Zend-Avesta, the scriptures of the Zoroastrian faith, the ancient national religion of Persia, now professed only by scanty communities of Parsees. The proper name is simply Avesta, while Zend means the translation of it into the Huzvaresh (now usually called the Zend), which is the literary form of the Pehlevi language, probably made some centuries after the Christian era. This language, the oldest form of Iranic speech known, has received from Spiegel the name of Old Bactrian. (See Iran-io Races and Languages.) Zend-Avesta, however, if understood to mean the Zend and the Avesta, or the Avesta and its Zend, is a suitable name for the whole Parsee sacred literature, ancient and modern, and will be here accepted as such. The Avesta is one of the most ancient and interesting documents remaining to us for the early history and religion of the Indo-European family. It is made up of several distinct parts. First in importance among these are the Vendidad and the Yacna. The former is, as it were, the Pentateuch of the Zoroastrian canon, the book of origins and of the law. It is in great part prescriptive, a moral and ceremonial code, teaching the means of avoiding or of expiating sin and impurity.

It is cast chiefly in the form of colloquies between the supreme divinity, Ahura-Mazda (Ormuzd), and his servant and prophet Zarathustra (Zoroaster), in which the former makes known to the latter his will respecting his creation. The same form prevails more or less through the whole Avesta; it is professedly a revelation to Zoroaster, and through him to mankind. The Vendidad is evidently not preserved complete, nor is it certain that its few first and last chapters originally belonged to it. The Yacna is of a very different character, being made up of prayers and praises addressed to the divinity and to the beings inferior to him, yet recognized as worthy of reverence and worship. It is divided into two distinct portions, of which the latter is in a slightly different and apparently older dialect, and is in great part metrical, resembling in form and contents the hymns of the Hindoo Veda; these songs are plainly the most ancient and original part of the Avesta, and some of them may go back even to the time of Zoroaster himself; that they do so is the opinion of Dr. Haug, who published an annotated translation of them in the German oriental society's collections (Die fünf Gâthâs, etc, Leipsic, 1858-'60); they have also been edited, with version and notes, by Kossowicz (1867-71). The Vispered is kindred in character with the more recent part of the Yacna; these two, along with the Vendidad, are mingled together in the liturgical use of the Parsees. The other constituents of the Avesta are sometimes spoken of as the Khordeh Avesta, or shorter Avesta; they are the 24 Yeshts, laudations of sacred persons or objects, the five Nyâyish, and a few other less important pieces.

The Parsees hold that Zoroaster's writings originally filled 21 volumes, which were in great part lost in the ruin of the Persian empire and religion after Alexander, only fragments of them being recovered and preserved by the Sassanian monarch Ardeshir, excepting the Vendidad, which had been saved entire. The Avesta is clearly an assemblage of fragments of a more extended literature, and many circumstances favor the theory of its collection into its present form during the early part of the Sassanian period. Its material is of different ages, and some of it must be many centuries older than our era. Its place of origin, as that of the Zoroastrian religion, is believed to be the northeastern part of Iran, in or not far from Bactria, which is also the principal scene of action of the Persian legendary history. - The Zend, or literature auxiliary to and explanatory of the Avesta, consists chiefly of its translated text with accompanying glosses, and also a few independent works in the same language, the Huzvaresh or literary Pehlevi, as the Bundehesh and the Din-hart, of much later date.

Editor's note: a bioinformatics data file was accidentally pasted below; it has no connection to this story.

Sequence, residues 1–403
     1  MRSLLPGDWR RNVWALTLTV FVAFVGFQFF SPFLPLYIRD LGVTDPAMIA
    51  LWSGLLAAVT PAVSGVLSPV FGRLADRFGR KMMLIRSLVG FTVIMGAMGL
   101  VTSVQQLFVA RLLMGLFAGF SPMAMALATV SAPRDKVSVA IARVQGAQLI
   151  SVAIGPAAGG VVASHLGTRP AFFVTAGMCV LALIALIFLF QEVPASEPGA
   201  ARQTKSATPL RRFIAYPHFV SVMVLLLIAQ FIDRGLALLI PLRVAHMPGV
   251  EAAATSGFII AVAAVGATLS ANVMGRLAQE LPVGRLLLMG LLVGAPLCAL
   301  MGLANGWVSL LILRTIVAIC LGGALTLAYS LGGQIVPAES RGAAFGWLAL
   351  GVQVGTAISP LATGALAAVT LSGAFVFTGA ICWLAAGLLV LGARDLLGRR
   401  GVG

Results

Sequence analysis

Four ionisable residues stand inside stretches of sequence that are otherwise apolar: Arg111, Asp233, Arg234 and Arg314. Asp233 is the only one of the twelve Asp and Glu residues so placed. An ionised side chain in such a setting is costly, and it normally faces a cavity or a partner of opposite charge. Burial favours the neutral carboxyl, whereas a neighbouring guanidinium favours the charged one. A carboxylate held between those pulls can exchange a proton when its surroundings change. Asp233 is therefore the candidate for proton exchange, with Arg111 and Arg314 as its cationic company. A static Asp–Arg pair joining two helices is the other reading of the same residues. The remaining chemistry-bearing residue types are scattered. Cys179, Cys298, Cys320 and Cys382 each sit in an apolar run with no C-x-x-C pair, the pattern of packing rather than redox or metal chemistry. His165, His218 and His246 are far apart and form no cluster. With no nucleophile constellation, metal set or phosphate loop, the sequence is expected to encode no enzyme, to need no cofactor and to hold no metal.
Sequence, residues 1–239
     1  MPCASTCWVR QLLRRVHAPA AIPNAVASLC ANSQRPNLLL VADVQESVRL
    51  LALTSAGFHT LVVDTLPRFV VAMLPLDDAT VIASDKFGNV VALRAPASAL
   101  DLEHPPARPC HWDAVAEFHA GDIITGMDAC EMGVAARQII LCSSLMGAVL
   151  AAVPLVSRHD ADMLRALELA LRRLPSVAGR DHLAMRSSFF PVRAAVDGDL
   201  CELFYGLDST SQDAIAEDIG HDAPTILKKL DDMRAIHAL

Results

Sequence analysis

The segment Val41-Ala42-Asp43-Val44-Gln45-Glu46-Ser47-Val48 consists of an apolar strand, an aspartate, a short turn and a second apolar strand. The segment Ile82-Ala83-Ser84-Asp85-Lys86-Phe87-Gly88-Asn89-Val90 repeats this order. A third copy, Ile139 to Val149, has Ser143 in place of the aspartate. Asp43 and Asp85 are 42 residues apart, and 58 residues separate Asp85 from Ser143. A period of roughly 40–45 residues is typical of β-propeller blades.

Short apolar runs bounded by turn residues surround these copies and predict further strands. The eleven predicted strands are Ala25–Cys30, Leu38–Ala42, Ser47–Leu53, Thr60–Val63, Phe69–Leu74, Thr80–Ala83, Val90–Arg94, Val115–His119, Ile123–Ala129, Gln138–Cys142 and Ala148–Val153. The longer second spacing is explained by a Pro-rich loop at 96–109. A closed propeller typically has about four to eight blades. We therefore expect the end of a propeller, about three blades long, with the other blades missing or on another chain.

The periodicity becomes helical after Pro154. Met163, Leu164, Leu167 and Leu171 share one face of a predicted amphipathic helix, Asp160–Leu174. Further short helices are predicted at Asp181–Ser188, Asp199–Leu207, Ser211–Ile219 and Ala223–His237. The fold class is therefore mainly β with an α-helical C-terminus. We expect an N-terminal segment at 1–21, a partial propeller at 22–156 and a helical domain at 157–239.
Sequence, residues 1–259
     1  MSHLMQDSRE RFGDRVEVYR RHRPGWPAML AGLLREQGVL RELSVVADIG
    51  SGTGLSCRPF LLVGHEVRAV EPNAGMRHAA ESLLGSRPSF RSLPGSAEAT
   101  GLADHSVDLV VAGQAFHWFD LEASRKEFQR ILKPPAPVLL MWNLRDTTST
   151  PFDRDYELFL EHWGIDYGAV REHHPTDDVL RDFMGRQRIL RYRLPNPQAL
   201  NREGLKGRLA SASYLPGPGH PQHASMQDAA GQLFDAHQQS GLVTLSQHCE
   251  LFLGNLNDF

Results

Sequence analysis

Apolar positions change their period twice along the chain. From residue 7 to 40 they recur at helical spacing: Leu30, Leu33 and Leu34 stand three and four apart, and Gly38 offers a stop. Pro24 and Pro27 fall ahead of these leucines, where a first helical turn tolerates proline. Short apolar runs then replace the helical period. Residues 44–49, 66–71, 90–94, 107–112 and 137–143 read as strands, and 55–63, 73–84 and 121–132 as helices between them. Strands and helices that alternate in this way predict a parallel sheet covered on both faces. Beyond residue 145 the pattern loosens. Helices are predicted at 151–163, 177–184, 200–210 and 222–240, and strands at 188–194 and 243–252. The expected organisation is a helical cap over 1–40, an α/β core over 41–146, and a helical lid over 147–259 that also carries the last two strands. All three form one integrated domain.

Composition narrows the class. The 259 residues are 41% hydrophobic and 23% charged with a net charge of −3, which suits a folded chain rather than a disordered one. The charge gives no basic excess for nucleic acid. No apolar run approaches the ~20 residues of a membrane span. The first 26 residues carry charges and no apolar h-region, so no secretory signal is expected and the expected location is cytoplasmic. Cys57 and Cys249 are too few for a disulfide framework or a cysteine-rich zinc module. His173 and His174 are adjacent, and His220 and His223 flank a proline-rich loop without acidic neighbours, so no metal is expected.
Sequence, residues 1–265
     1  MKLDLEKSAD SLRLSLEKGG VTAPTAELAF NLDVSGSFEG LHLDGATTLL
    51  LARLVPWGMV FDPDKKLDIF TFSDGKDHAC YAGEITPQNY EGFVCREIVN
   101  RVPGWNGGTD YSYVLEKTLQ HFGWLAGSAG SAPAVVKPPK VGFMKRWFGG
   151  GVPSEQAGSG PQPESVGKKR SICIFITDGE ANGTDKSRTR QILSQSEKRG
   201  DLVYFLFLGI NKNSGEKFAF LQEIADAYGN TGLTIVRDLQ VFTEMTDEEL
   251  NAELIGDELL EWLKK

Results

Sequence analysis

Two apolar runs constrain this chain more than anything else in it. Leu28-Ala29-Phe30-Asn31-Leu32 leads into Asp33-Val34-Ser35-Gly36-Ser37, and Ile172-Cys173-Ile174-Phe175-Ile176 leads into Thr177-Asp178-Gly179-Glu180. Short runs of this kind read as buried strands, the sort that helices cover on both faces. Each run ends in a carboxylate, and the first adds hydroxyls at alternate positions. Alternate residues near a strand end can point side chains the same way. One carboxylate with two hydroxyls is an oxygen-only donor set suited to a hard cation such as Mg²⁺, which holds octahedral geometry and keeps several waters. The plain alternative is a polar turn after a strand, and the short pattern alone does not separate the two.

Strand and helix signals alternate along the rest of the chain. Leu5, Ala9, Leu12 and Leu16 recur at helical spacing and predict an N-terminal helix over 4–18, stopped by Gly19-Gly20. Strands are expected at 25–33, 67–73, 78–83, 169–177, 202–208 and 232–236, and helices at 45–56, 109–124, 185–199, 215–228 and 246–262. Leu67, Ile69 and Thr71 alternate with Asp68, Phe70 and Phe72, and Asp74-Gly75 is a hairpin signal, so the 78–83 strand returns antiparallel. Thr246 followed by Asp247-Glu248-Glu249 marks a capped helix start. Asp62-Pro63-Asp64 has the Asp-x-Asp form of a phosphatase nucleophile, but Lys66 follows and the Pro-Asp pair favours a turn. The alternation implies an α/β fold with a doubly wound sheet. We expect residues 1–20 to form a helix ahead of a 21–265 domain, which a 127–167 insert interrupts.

It is an important aid to the understanding of the Avesta; yet its interpretation is not to be implicitly accepted. (See Spiegel, Einleitung in die traditionellen Schriften der Parsen, 2 vols. 8vo, Leipsic, 1856-'60, and Haug, "Essay on Pahlavi," London, 1870.) That part of the Zoroastrian literature which is composed in the so-called Parsee dialect is of still more modern date and limited extent. Glosses or interpretations of the Avestan texts, called Pa-Zend, versions of certain portions of them and of Pehlevi texts, sundry invocations and ascriptions of praise, and expositions of Parsee doctrine, constitute nearly its whole substance. Spiegel has published (Leipsic, 1851) a Parsee grammar, with considerable passages of texts appended. After the settlement of the Parsees in India, a Sanskrit version was made by Neriosengh of the Yacna and some other parts of the Avestan text; it has been published in a Latin transliteration by Spiegel (Leipsic, 1861). In recent times also learned and enlightened Parsees have been active in editing and commenting their scriptures, and rendering them accessible in the present vernacular of their communitv, the Guzeratee Ianguage. Spiegel has published a translation of the whole Avesta into German (English ed. by A. H. Bleek, London, 1864), and a commentary on both text and translation (2 vols., 1865-'8). The difficulties which attend the understanding of the Avesta are greater even than those which beset the Veda; the methods to be pursued, and the part to be assigned to the different sources of auxiliary knowledge, are still unsettled, the foremost scholars holding very different views.

Spiegel's Erdnische Alterthumskunde (2 vols., Leipsic, 1872-'3) is an elaborate discussion of the ancient Persian history and religion.